Friday Update – 11 July 2014

This week we highlight great news about the North East LEP and Schools Challenge, the changes to Ofsted from September and a briefing note from Ofsted about life after assessment levels.

North East LEP and Schools Challenge

On Monday, the announcement of the North East LEP growth deal brought the Challenge a step closer to becoming a reality.  The Growth Deal includes a commitment from Government to work with partners in the region on the development of the challenge and activities to strengthen careers education and business engagement with schools.  The North East LEP was handed the third highest allocation of funding nationally with a £290m investment, supporting projects set out in the NE LEP’s North East Strategic Economic Plan ‘More and Better Jobs’.

Ofsted letter and note to inspectors

Sir Michael Wilshaw, Her Majesty’s Chief Inspector of Schools, has written to Headteachers about changes to inspections from September this year.  Major shifts include a separate judgement for early years and sixth form, and the removal of National Curriculum levels.

The letter says that inspectors will:

  • spend more time looking at pupils’ work to consider how much progress they are making in different areas of the curriculum;
  • talk to school leaders about the school’s use of formative and summative assessment and how this improves teaching and raises achievement;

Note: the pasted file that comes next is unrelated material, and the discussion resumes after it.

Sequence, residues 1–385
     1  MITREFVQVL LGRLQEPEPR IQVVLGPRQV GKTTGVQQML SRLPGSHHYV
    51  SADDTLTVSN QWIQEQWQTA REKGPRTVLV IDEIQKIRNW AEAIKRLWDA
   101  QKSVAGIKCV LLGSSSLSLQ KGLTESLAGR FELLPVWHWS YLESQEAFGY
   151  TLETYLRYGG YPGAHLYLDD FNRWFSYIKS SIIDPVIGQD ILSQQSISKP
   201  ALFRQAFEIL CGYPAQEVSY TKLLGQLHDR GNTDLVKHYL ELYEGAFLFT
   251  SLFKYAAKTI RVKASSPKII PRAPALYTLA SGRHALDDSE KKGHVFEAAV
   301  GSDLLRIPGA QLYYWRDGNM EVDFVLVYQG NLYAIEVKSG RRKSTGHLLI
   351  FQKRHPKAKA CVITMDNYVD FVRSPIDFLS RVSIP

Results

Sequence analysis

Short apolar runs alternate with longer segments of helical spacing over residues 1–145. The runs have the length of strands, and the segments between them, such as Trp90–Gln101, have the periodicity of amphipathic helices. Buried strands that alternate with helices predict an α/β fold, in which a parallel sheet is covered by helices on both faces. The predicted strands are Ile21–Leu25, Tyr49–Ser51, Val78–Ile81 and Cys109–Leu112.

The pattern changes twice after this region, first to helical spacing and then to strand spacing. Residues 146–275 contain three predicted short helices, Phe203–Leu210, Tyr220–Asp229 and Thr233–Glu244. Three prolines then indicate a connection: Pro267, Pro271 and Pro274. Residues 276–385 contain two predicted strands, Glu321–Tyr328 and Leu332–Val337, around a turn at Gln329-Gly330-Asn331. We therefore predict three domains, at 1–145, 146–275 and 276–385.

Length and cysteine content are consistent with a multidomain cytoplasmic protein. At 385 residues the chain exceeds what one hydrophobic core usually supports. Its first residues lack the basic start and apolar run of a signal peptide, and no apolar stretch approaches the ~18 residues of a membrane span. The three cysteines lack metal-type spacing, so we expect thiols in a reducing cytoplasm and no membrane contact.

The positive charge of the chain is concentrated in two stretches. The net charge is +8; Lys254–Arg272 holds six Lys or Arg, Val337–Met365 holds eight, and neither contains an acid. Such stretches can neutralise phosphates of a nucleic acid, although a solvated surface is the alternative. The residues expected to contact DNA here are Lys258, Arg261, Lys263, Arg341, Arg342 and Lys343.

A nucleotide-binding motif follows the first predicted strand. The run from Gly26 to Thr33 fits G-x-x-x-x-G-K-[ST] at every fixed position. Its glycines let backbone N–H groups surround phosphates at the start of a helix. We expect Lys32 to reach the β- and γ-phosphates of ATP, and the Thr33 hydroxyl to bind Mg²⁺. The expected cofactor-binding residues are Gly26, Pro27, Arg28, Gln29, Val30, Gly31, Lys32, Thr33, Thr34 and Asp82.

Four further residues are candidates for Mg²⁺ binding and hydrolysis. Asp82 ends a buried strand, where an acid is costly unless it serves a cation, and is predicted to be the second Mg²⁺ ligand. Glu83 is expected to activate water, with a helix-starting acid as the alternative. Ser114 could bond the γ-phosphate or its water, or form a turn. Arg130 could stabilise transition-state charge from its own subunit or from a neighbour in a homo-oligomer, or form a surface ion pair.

• evaluate how well the pupils are doing against age-related expectations, as set out by the school and the National Curriculum (where this applies);
  • consider how the school uses assessment information to identify pupils who are falling behind in their learning or who need additional support to reach their full potential, including those who are the most able;
  • assess whether reports help parents to understand how their children are doing in relation to the standards expected.

While no notice inspections are still being considered, Michael Wilshaw is broadening the criteria which determine whether an unannounced inspection is required. For example, concerns about standards of leadership and management and/or concerns about the breadth and balance of the curriculum.

Assessing without levels

A briefing note for Ofsted’s inspectors has been released detailing what they should expect from schools before, during and after changes to the national curriculum assessment criteria. It says:

  • Inspectors may find that schools are tracking attainment and progress using a mixture of measures for some, or all, year groups and subjects;
  • Inspectors will not expect to see a particular assessment system in place and will recognise that schools are still working towards full implementation of their preferred approach;
  • In evaluating the accuracy of assessment, inspectors will usually consider how well governors assure themselves of the rigour of the assessment process.